April 28, 2016
Want to get to grips with gridlock? Charge commutersPosted in Irish Independent · 85 comments ·
One of the less-celebrated joys of working for yourself is not having to do the daily commute. This daily grind can be a true purgatory. Not having to do it is a much under-estimated luxury, which is only truly understood when you are stuck in a traffic jam, infuriated and anxious.
Yesterday, I was in a taxi heading to Heuston Station to get the 9am train to Cork and I experienced the sad reality of the clogged N11 at 8am. As the taxi whizzed up the bus lane, bracketed by buses moving equally swiftly, we passed thousands of motorists stuck in the jam.
They do this every morning, and they choose to do it.
But more worrying for the city is the fact that traffic congestion is back up to boom-time levels. All you have to do is listen to the remarkable Dublin City FM either in the morning or the evening to get a sense of the chaos on the capital’s roads.
We hear similar reports on national radio about debilitating tailbacks in Cork, Galway and Limerick.
This will get worse because car sales are rocketing and the more cars on the same roads, mean less space for all of us.
Traffic poses huge costs on the economy in terms of the enormous amount of time wasted in traffic, the massive amount of our disposable income spent on petrol and, obviously, road building and road repairs, not to mention the cash forked out on cars themselves.
We tend to think of traffic as a fact of life, like taxes.
But it’s not a fact of life; or at least it doesn’t have to be.
But before we talk about potential logical, economics-based solutions, let’s examine why traffic is so insidious. At the core of macroeconomics is this counter-intuitive idea that what is good for the individual is not always good for the collective.
When I jump in my car because I couldn’t be bothered getting the bus, I feel more comfortable initially, but my action adds a tiny bit to the traffic problem.
So when you add up all the people like me who choose the car over public transport or car-pooling, we all make sure that together we make the outcome worse for all of us. But we can’t see that or cost that when we make the decision to drive.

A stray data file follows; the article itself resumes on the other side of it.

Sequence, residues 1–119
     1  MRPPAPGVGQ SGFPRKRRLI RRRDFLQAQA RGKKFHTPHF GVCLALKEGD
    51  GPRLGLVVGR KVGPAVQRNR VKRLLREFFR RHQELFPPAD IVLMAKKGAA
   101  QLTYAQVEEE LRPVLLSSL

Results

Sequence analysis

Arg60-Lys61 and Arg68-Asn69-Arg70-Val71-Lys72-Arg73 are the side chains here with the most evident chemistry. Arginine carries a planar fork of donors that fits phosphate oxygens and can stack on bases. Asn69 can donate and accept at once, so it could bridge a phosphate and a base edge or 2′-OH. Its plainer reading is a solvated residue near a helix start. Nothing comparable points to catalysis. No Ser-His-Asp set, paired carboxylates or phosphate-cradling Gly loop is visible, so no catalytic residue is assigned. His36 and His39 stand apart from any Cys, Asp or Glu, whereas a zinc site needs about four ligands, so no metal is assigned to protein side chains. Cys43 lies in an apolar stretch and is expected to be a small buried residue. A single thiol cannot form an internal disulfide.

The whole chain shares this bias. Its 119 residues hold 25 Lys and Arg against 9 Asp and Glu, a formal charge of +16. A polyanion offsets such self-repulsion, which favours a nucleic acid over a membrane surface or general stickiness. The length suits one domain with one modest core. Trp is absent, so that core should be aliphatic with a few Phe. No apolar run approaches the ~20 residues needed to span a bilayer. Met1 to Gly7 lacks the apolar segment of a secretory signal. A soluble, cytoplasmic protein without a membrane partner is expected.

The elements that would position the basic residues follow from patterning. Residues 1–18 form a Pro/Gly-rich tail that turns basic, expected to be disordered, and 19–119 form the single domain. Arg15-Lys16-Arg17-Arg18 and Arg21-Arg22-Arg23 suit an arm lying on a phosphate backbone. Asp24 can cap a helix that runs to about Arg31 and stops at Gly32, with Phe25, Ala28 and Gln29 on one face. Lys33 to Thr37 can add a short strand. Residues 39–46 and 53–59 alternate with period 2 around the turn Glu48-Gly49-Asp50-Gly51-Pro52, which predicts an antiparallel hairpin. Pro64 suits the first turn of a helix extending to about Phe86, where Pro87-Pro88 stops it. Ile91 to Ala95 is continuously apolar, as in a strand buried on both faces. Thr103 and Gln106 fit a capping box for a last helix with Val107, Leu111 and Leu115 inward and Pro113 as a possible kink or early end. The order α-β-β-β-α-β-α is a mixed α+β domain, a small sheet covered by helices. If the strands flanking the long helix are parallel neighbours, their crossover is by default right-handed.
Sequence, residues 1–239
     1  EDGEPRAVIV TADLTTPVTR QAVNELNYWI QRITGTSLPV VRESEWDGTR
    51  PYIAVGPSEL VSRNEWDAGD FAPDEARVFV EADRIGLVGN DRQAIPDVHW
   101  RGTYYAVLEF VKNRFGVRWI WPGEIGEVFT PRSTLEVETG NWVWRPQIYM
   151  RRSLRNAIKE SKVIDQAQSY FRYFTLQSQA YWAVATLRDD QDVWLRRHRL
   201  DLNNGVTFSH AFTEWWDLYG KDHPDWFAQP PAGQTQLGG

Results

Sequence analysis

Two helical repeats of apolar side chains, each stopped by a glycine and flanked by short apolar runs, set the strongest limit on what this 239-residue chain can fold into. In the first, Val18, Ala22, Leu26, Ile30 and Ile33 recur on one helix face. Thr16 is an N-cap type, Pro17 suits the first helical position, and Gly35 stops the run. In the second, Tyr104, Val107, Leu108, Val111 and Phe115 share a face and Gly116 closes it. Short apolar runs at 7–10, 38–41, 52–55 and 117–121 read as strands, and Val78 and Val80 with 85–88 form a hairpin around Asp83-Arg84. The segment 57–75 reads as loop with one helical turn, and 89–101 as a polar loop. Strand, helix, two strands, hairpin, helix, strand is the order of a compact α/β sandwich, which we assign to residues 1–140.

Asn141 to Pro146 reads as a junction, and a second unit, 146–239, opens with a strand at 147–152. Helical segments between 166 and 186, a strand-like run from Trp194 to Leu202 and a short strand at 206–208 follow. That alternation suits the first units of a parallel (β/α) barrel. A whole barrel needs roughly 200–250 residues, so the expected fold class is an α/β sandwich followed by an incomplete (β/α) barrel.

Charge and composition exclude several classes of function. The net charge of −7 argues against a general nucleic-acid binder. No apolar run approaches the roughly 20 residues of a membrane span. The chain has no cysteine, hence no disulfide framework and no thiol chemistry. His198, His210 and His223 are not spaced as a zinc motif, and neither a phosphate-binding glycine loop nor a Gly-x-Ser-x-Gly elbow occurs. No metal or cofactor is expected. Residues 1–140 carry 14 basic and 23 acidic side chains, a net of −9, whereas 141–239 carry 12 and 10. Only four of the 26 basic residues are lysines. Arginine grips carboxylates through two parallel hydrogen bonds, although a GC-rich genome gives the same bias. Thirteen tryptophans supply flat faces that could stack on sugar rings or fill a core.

So had I decided to drive to Heuston and added one more car to the sheer weight of traffic, I would probably have added fractionally to the misery of my fellow drivers by adding a few extra seconds to their individual commutes. When you add all this up, the total cost of the misery is significant.
However, like lots of things in economics, we can never really assess the overall impact of our individual decisions, so we don’t worry about them too much.
So how do you solve it?
At the heart of the problem is that everyone wants to use the road from 7am to 10am and then again in the afternoon at rush hour to come home. Apart from that, the roads are relatively empty.
It’s a space problem. At rush hour, road space is too cheap so there is no reason not to drive. So make it more expensive when everyone wants it, and cheap when everyone doesn’t.
So the economist would say it’s an incentive problem. Charge the punters who choose to drive and we might make some progress. Given that we can do almost anything now with automatic tolls such as the M50, we could just charge the people who choose to drive alone, taking up space.
You could add it to their phone bill, for example. If the charge was steep enough, only die-hard rush-hour commuters would choose to drive in the most expensive times. This should free up the road for car-pooling or buses or the Luas or whatever more efficient method there is.
But there would be howls from the car lobby suggesting that the driver is already crippled with taxes and now here’s another one. This is an understandable view, and one that’s hard to argue with even though you are simply protecting drivers from themselves.
Those who choose to pay the tax are rewarded with much swifter and enjoyable commutes to work, less fuel bills and less time wasted in the car.
But we could go one further. Maybe we could introduce choice into the game so it isn’t seen as an exercise in crime and punishment.
Paul Krugman, the Nobel prize-winning economist, discussed this notion many years ago. He compared roads to houses with views of the sea. Take, for example, the view of Dublin Bay: it is restricted because there are only so many properties that can have this view, so they are more expensive to reflect the fact that people want to wake up looking at the sea.
The problem with the roads is that there are no higher prices on the road to reflect when demand to use them is high.
What about creating ‘rush hour coupons’ and include them in the price of every car sold in the Dublin area? Each coupon would be worth, let’s say, a tenner. Then people who take the bus and leave their car at home could trade the coupons for cash.
They could then be rewarded for their ‘good’ collective behaviour. In contrast, people who still wanted to drive would have to buy the coupon and they would pay for the pleasure, but they would get the uncluttered commute.
The people who don’t use the car can use the cash for whatever they want.
Could this work? Of course it could.
The more you use, the more you pay. We could save huge sums due to the cost of traffic and maybe we have a few more chilled people coming into work first thing in the morning who haven’t suffered from a bout of road rage.
That can’t be a bad thing, surely?